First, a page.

The Department of Agriculture launched a new organics scheme this year which has proved to be hugely successful since its launch, attracting 870 applications in its first tranche.

To put this in context, the highest number of applications ever received previously was 380 applications in 2010. In addition, over 500 of the 870 applicants concerned are new entrants to organic farming.

The highest number of new entrants to organic farming heretofore was 158, in 2009.

According to Paul Dillon, Assistant Secretary General, Department of Agriculture by any standards, the new scheme is a major success.

“We have already met most if not all of our targets for the entire RDP period in this first intake of applications,” he told a hearing off the Oireachtas Committee on Agriculture this week.

There are also 720 participants in the existing or ‘old’ Organic Farming Scheme, which means that when all applications into the new scheme have been processed and approved, we should have some 1,600 organic farmers in the system.

“This is a major step forward,” he said.

“Together, these farmers manage about 60,000 hectares of land and because of the structures we are putting in place, we hope to secure this land under organic contract for at least the next five years.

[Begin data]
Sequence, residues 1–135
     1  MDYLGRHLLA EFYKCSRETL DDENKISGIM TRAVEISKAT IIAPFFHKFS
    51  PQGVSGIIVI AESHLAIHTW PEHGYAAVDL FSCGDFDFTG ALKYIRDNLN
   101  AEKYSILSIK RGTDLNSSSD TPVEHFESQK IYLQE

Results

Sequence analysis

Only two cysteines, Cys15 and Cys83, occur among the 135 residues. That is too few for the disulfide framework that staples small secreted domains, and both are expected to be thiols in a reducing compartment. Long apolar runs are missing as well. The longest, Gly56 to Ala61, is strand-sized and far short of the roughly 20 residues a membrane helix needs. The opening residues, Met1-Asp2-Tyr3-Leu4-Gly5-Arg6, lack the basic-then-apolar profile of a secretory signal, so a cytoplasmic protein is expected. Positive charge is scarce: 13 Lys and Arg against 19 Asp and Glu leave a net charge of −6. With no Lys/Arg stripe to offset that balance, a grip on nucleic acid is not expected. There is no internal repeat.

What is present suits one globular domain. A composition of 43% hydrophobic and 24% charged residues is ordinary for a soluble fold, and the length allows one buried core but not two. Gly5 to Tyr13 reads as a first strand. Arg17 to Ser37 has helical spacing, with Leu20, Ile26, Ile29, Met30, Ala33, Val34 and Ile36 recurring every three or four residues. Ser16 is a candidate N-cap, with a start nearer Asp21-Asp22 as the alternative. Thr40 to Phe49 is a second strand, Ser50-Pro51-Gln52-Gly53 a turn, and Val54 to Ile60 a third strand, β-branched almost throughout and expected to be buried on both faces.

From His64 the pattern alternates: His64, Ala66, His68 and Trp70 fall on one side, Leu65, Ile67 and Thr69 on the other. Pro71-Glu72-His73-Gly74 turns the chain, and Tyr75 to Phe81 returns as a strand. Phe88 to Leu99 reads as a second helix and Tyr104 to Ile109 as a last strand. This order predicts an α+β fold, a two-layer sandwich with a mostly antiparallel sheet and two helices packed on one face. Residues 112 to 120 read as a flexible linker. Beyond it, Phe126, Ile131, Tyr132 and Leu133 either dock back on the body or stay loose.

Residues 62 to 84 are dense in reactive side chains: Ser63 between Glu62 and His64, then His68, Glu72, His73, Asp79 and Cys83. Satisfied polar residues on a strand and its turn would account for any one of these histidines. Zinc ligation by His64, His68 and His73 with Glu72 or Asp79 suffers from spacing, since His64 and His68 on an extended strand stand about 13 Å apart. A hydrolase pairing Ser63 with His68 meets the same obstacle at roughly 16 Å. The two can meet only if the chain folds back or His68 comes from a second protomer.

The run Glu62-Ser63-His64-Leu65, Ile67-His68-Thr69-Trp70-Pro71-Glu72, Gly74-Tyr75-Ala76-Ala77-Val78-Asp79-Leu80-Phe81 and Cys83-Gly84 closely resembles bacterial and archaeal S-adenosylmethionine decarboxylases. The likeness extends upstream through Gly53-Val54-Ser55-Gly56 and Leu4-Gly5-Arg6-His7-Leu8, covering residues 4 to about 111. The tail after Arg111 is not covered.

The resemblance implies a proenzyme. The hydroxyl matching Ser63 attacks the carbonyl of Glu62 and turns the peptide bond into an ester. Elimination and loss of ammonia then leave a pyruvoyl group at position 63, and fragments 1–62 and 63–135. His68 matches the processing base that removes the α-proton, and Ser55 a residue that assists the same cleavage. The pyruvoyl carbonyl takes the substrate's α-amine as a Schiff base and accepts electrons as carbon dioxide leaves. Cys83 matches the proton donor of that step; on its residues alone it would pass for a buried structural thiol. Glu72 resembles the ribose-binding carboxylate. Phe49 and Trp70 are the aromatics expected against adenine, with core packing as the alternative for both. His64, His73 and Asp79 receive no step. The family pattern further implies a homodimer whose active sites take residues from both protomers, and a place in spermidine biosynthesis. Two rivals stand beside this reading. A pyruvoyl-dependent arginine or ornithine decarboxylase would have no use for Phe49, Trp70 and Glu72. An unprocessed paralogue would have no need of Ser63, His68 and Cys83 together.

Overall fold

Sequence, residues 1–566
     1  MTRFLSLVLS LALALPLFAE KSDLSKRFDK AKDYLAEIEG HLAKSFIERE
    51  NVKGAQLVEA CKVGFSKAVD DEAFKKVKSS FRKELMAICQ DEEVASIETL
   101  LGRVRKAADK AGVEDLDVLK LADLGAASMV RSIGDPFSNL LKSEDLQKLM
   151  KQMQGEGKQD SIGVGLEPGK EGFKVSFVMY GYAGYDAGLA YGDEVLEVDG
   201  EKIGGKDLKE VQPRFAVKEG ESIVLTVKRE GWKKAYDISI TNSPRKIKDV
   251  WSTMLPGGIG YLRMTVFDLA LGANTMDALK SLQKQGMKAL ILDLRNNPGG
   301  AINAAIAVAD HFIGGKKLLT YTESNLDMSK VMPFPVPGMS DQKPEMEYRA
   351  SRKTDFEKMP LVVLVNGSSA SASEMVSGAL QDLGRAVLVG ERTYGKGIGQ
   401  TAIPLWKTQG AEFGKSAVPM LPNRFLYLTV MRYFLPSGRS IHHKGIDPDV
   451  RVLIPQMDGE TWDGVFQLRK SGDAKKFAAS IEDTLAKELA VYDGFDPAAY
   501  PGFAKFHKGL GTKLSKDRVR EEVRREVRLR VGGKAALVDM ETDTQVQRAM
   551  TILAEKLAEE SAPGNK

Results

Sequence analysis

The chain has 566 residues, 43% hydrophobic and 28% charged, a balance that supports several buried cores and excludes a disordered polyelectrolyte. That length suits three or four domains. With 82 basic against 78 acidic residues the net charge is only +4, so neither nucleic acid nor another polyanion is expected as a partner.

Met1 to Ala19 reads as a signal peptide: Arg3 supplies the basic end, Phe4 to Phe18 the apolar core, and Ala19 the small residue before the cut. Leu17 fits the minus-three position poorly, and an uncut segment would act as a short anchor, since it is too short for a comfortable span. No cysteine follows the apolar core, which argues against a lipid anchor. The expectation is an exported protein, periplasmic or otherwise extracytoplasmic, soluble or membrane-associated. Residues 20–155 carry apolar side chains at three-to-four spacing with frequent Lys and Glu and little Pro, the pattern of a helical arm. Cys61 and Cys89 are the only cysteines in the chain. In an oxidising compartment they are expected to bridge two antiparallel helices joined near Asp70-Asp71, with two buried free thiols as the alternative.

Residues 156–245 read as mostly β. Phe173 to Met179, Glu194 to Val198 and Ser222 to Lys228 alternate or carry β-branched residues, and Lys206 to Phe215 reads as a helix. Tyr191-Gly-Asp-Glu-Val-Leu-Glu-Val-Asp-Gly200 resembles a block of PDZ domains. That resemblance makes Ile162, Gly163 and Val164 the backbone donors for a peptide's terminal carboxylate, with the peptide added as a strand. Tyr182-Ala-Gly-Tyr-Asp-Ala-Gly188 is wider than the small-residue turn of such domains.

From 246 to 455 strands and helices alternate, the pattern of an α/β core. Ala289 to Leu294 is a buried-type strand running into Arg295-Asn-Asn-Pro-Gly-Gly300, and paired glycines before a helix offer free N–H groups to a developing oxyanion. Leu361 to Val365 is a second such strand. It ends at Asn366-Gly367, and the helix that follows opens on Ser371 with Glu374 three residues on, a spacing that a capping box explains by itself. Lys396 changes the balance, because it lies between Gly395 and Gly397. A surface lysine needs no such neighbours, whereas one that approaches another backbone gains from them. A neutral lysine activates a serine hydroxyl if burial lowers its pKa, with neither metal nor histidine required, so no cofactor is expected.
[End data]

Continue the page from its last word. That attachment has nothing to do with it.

“For the first time, this allows us to plan ahead with confidence in terms of an organic food market,” Dillion said.

Payment rates

The new Organic Farming Scheme was launched in April this year with a budget of €52m over the lifetime of the RDP.

It provides for significantly increased rates of payments to all Organic farmers, irrespective of sector.

By way of example, the standard rate payment, which applies to most farmers, including livestock farmers, was €106/ha under the old scheme; under the new scheme this has been increased to €170/ha which is a 60% increase.

In addition, the area on which full payment can be made has been increased from 55ha to 60ha.

The new Scheme also specifically targets tillage farmers for the first time, as this is an area which was identified as in deficit and is of key importance both in its own right and as a source of home-grown organic feed for the livestock sector.

For the same reason, the new Scheme also encourages the cultivation of red-clover as a high protein dry matter fodder crop, again for the purpose of building supplies of organic feedstuffs.